After the Iraqi invasion of Kuwait, he sent a letter to the government suggesting the use of Arab volunteers to combat the Iraqis. But the decision of allowing the Americans and other troops from western countries to protect Saudi Arabia had profound implications on his religious and political views thereafter. In his opinion, it was the first time in history since the beginning of Islam that infidel troops set foot on the Arabic peninsula. He then asked for "Fetwa" for new Islamic volunteers to fight with him in Afghanistan. A local Sheik by the name of Bin Athmain responded to his call and issued a Fetwa to help him in his new cause.
After a raid by the Saudi government on his compound outside Jeddah he decided to leave the country. He managed to convince the internal ministry through Prince Ahmmad Bin Aziz to let him leave the country and attend urgent business in Pakistan. He immediately entered Afghanistan to find the country embroiled in a tribal war. His first reaction was not to take sides in the internal struggle for power. But soon learned that it’s best for him to leave. This time he decided to leave to Sudan, he quickly transferred most of his financial possessions out of the Saudi Arabia and left at the end of 1991. In 1992 the Saudi government froze what’s left of his financial assets, then followed it up with the withdrawal of his citizenship in 1994.
The Sudani government was under external pressure to extradite Bin Laden to the United States after his implications of bombing the WTC. He then contacted Sheiks Younis Khalass and Jalal Al Deen Al Hakhani in Afghanistan, which both were controlling Jalal Abad area and left secretly to Afghanistan. He endorsed the terrorist attack on Kubar in June 1996 but stop short of admitting masterminding the attack. The Saudi government claimed it was organized by Iranian backed groups shielding him from any involvement in the attack, however soon after this terrorist attack he issued a personal call asking to remove the infidels from Saudi Arabia.
After the sweeping control of Talaban forces to Jalal Abad, the head of the Talaban government Mulah Omar Zaim considered him a guest of the Afghani people. Shortly after that he escaped an assassination attempt on his life by a combination of Pakistani intelligence agents and local tribesmen. For that reason he decided to move his headquarters to Kundehar. His bond with the Talaban government improved when he took their side against opposition groups headed by Dowstam Uzbekistan tribes, and Masoud Tajikistan tribes who was assassinated late last week.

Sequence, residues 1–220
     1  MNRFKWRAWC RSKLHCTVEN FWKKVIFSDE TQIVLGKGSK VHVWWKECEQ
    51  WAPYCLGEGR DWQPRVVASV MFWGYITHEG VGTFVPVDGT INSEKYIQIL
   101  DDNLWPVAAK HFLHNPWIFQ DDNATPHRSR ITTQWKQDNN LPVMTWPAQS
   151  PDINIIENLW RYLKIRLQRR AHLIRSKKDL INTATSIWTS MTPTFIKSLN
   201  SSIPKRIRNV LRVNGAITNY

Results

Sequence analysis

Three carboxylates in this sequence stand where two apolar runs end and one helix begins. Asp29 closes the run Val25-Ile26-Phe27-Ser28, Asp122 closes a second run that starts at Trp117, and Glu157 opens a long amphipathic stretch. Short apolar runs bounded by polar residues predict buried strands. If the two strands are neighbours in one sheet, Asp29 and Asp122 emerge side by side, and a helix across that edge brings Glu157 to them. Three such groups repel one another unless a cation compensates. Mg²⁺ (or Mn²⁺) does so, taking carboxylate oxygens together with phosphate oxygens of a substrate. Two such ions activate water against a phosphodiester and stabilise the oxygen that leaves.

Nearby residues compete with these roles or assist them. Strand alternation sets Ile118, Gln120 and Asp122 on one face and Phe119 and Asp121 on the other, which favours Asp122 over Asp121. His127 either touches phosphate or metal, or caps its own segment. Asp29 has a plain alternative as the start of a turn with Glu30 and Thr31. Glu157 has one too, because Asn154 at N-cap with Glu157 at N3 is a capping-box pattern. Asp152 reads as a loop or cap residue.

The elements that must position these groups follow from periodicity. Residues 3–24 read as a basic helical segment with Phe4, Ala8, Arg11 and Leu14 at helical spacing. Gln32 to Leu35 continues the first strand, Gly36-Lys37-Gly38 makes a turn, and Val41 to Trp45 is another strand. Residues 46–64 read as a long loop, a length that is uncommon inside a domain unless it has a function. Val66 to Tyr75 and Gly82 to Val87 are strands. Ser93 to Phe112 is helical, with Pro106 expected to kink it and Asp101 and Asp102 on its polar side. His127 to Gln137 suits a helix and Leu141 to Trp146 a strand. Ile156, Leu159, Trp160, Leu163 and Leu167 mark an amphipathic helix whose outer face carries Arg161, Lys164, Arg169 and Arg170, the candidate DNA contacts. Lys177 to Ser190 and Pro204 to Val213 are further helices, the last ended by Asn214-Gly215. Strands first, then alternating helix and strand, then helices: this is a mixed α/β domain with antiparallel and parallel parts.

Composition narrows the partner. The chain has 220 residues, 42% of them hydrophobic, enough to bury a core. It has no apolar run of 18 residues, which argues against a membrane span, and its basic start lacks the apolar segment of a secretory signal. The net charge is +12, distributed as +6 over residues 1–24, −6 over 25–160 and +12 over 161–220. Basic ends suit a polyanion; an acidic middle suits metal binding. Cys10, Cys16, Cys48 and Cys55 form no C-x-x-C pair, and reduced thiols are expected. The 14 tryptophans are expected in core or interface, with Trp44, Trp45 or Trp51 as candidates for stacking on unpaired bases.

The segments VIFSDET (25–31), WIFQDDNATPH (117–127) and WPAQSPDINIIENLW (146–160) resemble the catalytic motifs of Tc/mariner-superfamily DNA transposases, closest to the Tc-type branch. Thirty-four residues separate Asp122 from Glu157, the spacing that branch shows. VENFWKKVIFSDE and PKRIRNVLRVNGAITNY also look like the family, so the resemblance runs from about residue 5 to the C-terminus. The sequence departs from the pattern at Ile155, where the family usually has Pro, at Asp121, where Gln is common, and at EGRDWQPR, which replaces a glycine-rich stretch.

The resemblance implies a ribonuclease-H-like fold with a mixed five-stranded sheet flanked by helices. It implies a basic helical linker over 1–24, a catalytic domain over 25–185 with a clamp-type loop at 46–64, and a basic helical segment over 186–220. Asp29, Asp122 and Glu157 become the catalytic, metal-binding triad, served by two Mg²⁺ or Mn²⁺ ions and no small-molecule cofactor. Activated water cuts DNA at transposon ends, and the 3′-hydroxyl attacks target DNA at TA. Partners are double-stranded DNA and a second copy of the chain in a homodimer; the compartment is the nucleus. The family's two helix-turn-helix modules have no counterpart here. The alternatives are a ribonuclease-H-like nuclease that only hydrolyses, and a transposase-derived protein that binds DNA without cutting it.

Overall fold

In mid 1997 there was a second assassination attempt on his life organized by the Pakistani intelligence agency and backed by the CIA. In 1998 he asked for a new Fetwa to justify killing all Americans, several religious figures in Pakistan and Afghanistan endorsed his call and he entered in an alliance with the Egyptian Jahad Islamic movement Dr. Ayman Al Thawahiri and Riffi Taha. The Talaban government however did not like this escalation and considered it a violation of his guest status in the country. At the same time Ossama increased the rhetoric by granting the ABC News an interview where he claimed that there would be new attacks on Americans in the very near future. For the first time he linked the possible retaliation to the sanctions against Iraq.
A few weeks after on August 7, 1998 he launched the attacks on the American embassies in Tanzania and Kenya. A release to the press by the Islamic Army to liberate the Holy Shrines asked the release of Sheik Omar Abdul Rahman in US and others in the Saudi jails like Sheik Salman and Saffar.
In 1999 the Saudi government sent Turkey Faisal and Sakman Al Omari to Kabul asking the Talaban government to hand over Bin Laden, but Mulah Omar refused bitterly their offer and asked them to leave the country and close the Saudi consulate in Kabul. In return Bin Laden sent his followers to defend Kabul against attacks by the opposition leader Shah Masoud.
Ossama Bin Laden was married at early age of seventeen, he has many wives and twenty children most of them live with him in Afghanistan except three of them who are still living in Saudi Arabia.